Difference Between bits and bytes?

I have an harddrive with a capacity of
81,956,655,104 bytes 76.3 GB

how is that possible when a byte is 8 bits?
what is GB? and is it the same as Gb?

how can i have 82,000,000,000 bytes but only have 76.3 GB?  Something isn't adding up here.  Can someone put my confusion to rest.

and how come 1 byte is 8 bits yet 1 kilobyte = 1024.

I know theres something i'm just not getting, cause this can't be that confusing.
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Lee W, MVPTechnology and Business Process AdvisorCommented:
Everything is a factor of 2.

1 bit = 1/8 byte.  A bit can be a 1 or a 0.  This is not enough info to represent a set of characters, A, B, C, etc.  8 bits allows for 256 different combinations, more than enough to acomodate an alphabit and supporting symbols.  These are referenced with a lowercase "b" - Mb, Kb, b, etc.
1 byte = 8 bits (with 256 combinations).   These are referenced with an uppercase B, GB, MB, KB, B, etc.
1 KB is ROUGHLY equal to 1,000 BYTES (not 1000 Bits), actual 1024 BYTES or 8192 BITS.  which happens to be 2 to the power of 10 bytes.
1 MB is 1,048,576 BYTES.
1 GB is 1,073,741,824 BYTES.

When manufacturers advertise an 80 GB hard drive, they are advertising as if 1 GB = 1,000,000,000 bytes.  But since it doesn't; since it's more, the actual amount the computer sees is less (80,000,000,000 / 1,073,741,824 = 74.5 GB to the computer).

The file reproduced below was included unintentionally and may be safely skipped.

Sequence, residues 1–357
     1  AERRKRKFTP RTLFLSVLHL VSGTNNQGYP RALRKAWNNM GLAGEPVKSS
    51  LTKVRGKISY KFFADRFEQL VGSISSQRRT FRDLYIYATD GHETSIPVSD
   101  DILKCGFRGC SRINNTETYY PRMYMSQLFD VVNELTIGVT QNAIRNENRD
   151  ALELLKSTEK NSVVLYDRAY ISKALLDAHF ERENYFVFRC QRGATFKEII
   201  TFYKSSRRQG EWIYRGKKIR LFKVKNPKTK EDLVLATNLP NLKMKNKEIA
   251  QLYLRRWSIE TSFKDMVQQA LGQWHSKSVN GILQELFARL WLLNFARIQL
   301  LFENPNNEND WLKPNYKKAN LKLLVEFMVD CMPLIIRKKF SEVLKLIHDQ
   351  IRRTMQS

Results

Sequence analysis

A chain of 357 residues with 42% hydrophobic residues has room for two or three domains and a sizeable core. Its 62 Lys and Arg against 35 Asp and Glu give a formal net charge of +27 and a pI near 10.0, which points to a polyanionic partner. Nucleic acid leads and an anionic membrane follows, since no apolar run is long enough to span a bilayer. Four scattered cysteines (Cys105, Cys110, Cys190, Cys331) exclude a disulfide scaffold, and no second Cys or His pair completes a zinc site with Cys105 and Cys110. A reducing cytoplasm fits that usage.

Make sense?
1 MB is ROUGHYL equal to 1,000,000 BYTES (

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In addition some space is lost on the drive to the user due to the file allocation methods for the file systems thus the total amount of hard drive space available to the user is usually less than the advertised amount
8 bits are equal to 1 byte.

1,024 bytes are equal to 1 kilobyte (Kb).

1,024 kilobytes (Kb) are equal to 1 megabyte (MB or Meg)

1,024 megabytes are equal to 1 gigabyte (Gb or Gig)

1,024 gigabytes are equal to 1 terabyte

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Leew has it right; the confusion arises from the fact that a "K" is technically 1,024, but it often thought of as 1,000.  Since "mega" is "K-squared", and giga is "mega times K", the matter of whether you are being "precise" and call a "K" 1024, or being "approximate" and call a "K" 1,000 starts to become significant.

The two ways of giving sizeshave been given names, it's called a "binary" "K" or "mega" or "giga" if you use the power of 2 number (1,024) and a "decimal" "K" or "mega" or "giga" if you use the power of 10 number (1,000).  And there is another issue:  Marketing, and Money.  If you use the decmal numbers, any given disk drive is "bigger", so the disk drive makers all use the decimal numbers.  And to make matters worse, the IEEE has actually sanctioned and officially recognizes the decimal definitions for disk drives, and, I think, for flash memory.  But not for DRAM (main system memory).  And Microsoft uses binary units when they show the size of things (including disk drives) within Windows.

[Bits -- Binary digITs -- don't really enter into this in any significant way, although a byte is indeed 8 bits, as the term is commonly used today.]

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